Two Lehigh Valley political mavens run for Magisterial District Judge

Written by on March 8, 2021

Two Lehigh Valley political mavens run for Magisterial District Judge

By Genesis Ortega

March 8, 2021

Shaking up local politics is no easy feat. But two high-profile women in Lehigh County, a commissioner and a school board director, have done just that during their respective tenures.

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But now they’re looking to step down from their very public, forward-facing roles, setting their gaze on the judicial courts, in the process giving up their political clout. 

In Pennsylvania, magisterial court is where most people first experience the judicial system.

These judges handle traffic cases, minor criminal cases, and civil cases under $12,000. They also set bail and handle search warrants. 

It’s a part-time job that pays more than $90,000 a year and comes with perks. 

For starters, judges get a state pension if elected to a second term on top of lifetime healthcare. 

But the gig has one caveat: judges are prohibited from having any sort of political life. Period. 

So why would someone with considerable political interest and influence choose this path? 

For Linda Vega, it was a difficult decision but it came down to serving her community.   

“I had to think to myself: Was it more important for me to stay involved in every single political event? Or was it more important for me to create effective change?” Vega says. 

Vega is an  Allentown School District board director. In the two years since she was elected, she has been unafraid to point out inequities in the school system in a fight to interrupt the school-to-prison pipeline. 

“I can continue to sit on a board, or I can put myself in a position where ultimately the children are still going to be arrested, but this time now they’ll come before me and I’ll be able to interrupt the school-to-prison pipeline from this seat.”

Vega is running for magisterial district judge to serve Allentown’s 8th and 10th wards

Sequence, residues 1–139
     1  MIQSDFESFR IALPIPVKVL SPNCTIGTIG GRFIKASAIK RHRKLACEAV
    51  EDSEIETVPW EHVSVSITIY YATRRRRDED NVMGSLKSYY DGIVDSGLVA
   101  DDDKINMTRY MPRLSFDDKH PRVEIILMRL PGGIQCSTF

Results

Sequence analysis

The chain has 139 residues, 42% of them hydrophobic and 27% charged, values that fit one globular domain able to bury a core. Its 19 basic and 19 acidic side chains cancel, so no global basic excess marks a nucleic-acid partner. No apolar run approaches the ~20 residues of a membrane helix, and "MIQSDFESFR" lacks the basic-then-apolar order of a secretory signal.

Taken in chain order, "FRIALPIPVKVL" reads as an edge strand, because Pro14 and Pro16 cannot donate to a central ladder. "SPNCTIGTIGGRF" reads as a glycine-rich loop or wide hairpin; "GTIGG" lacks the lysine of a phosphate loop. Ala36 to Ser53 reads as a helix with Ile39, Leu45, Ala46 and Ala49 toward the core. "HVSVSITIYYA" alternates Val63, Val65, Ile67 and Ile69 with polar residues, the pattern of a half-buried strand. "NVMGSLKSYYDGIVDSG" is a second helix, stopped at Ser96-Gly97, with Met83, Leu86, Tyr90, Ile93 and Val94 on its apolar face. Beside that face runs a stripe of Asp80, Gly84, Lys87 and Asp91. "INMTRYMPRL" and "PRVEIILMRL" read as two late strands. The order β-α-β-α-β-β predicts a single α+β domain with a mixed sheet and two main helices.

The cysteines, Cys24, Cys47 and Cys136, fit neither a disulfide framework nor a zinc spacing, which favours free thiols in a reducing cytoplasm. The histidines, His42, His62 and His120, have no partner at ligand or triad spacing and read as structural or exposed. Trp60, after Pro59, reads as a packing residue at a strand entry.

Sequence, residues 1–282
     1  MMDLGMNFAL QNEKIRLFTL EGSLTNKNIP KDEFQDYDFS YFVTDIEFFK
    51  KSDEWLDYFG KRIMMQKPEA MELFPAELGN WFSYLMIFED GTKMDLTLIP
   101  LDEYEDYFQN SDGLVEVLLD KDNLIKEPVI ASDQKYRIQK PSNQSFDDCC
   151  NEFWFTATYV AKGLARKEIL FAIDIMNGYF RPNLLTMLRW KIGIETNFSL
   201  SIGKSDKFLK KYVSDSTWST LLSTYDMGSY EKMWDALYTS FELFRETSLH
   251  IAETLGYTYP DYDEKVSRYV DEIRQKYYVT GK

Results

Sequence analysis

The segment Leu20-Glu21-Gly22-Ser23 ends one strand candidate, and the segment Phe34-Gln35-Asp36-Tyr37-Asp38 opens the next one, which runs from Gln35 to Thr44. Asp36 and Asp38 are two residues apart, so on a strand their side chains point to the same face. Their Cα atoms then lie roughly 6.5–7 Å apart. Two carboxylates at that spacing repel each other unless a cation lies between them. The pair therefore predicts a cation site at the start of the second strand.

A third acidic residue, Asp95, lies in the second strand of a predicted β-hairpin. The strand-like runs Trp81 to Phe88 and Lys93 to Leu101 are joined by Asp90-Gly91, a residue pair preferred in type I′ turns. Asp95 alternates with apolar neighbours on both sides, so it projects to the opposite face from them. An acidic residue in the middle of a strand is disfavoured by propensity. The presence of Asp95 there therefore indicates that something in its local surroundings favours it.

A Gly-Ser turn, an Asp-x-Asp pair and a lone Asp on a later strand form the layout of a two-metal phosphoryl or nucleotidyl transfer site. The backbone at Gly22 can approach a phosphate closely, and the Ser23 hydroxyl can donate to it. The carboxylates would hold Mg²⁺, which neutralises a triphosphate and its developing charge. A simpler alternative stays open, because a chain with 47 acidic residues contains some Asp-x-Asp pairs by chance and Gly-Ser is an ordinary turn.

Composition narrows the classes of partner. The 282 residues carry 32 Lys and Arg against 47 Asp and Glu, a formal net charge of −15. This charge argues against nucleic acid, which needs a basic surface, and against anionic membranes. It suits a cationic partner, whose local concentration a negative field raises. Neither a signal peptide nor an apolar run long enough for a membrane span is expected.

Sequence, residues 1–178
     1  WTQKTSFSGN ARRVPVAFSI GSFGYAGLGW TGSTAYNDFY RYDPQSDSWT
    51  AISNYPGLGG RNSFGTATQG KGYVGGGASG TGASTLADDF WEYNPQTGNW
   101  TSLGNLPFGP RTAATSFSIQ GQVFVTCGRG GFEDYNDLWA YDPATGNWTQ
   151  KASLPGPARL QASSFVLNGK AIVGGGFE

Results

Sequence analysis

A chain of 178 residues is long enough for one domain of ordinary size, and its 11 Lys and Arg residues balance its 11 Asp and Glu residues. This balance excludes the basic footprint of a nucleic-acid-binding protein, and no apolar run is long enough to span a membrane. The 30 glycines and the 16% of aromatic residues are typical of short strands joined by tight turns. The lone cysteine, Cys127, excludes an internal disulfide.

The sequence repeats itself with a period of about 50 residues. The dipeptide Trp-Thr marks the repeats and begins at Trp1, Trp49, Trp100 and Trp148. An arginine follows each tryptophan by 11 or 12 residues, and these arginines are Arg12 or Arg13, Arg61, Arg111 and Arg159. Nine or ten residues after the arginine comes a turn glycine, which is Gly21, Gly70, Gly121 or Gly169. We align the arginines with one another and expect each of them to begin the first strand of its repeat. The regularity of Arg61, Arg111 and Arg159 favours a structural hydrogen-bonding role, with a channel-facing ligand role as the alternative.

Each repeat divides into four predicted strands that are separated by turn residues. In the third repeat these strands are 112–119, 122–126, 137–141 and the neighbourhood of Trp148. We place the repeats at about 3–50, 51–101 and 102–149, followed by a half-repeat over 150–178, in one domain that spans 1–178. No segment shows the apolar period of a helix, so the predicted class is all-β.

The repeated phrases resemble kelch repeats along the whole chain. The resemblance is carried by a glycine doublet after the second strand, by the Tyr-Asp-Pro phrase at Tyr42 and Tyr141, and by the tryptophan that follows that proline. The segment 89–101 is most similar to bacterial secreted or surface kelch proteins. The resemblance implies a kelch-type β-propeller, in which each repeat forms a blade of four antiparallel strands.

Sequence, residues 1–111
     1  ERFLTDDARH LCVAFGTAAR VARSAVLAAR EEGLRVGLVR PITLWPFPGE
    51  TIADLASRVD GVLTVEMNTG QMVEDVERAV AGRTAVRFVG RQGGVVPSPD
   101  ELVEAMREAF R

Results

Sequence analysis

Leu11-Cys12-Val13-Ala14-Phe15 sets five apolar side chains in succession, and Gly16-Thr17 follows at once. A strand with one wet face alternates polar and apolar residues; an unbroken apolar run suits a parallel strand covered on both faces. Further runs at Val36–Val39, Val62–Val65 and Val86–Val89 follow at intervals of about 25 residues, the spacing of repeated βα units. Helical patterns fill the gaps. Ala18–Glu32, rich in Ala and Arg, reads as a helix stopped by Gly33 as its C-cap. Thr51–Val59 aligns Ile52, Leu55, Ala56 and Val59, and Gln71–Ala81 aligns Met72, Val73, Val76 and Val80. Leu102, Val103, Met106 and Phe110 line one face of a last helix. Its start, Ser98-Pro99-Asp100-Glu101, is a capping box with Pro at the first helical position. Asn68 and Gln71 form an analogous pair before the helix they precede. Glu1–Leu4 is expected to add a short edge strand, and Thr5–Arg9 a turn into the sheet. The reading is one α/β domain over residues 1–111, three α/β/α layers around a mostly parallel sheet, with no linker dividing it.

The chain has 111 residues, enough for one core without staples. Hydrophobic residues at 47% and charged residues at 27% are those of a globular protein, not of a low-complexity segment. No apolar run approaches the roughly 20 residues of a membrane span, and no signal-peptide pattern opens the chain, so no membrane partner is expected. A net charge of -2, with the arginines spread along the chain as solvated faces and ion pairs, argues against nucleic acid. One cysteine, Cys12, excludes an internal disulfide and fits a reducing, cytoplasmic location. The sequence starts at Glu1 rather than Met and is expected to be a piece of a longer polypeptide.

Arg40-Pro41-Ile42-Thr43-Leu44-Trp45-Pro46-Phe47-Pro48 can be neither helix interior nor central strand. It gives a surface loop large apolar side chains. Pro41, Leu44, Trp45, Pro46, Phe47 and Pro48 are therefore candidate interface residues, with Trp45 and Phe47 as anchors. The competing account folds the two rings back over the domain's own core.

Amy Zanelli is running for MDJ in the West Bethlehem-Fountain Hill area. She’s been a Lehigh County Commissioner for four years and she says entering the judiciary is the next logical step for her.

“A big thread of everything I’ve ever done has had criminal justice at its heart and equality. And so while I could choose to stay in the seat for 30 years because I’d keep it, I don’t need to,” Zanelli says. 

Zanelli wields a considerable amount of influence in local Democratic politics. But she welcomes the chance to take a step back.

“I’m okay with that. Frankly, I think I’ve been loud enough that there should be no doubt on where I stand on most all important things. Otherwise, I’m actually excited, because things have gotten so divisive,” Zanelli says. 

If elected, they would be the first openly LGBTQ judges in Lehigh County. For Vega, who’s also a Latina, this is significant. 

“It does hold weight. When you have a lifestyle like I do, you’re told there are things you cannot do. And I think it’s so important not only to show our urban residents that we can do whatever it is that we want to do, but also our LGBTQ students because we’re taught that we’re crazy or we have mental health challenges,” Vega says.

And Zanelli says representation matters. 

“If you don’t have a seat at the table, you’re on the menu. Let’s just be real. And after the way things went down at the end of 2016 I knew that families like mine needed representation. And that’s why I ran,” Zanelli says. 

She says her position on the Board of Commissioners has helped move the needle. 

“I am blessed in a way because I am very much an invisible minority. You don’t look at me and think I’m a Jew, and you don’t look at me and think I’m a lesbian either. And so it’s given me the ability to build relationships with people who think they hate people like me, ” Zanelli says. 

Recognizing what discrimination and profiling looks like will help her on the bench, Zanelli says, but her main focus will be tackling the two-year backlog that partly exists due to the untimely death of the district’s last presiding judge. 

“My first objective is to get in there and do everything I can to make this a full-time court. I also want to make sure that we have at least one full-time bilingual staff member,”  Zanelli says. 

School Board Director Linda Vega says her top priority is to ensure fair and equal justice. 

“When you come before me, you are not guilty when you’re standing in front of me, I will treat you like a human being and give you the opportunity to defend yourself and not be biased based on where you come from, the level of your income, or how much melanin you have in your skin tone,” Vega says.

Both Vega and Zanelli say they’re getting ready to file their petitions to get on the ballot. And after that, they’ll spend the next several weeks doing what they do best. 

“I love campaigning!” Vega says. “So, we’ve registered quite a few people which is exciting. I’m really excited about that.” 

And Zanelli says she’s very much in her element. 

“I’m enjoying it! I’ve been knocking doors and just having conversations with people again the same way I did when no one knew who I was in 2017,”  Zanelli says.  

And even though they love to do it, if elected, it’ll be another six years before voters see Linda Vega and Amy Zanelli knocking on their door to ask for their vote. 

Zanelli is married to a member of Lehigh Valley Public Media’s Senior Leadership Team.

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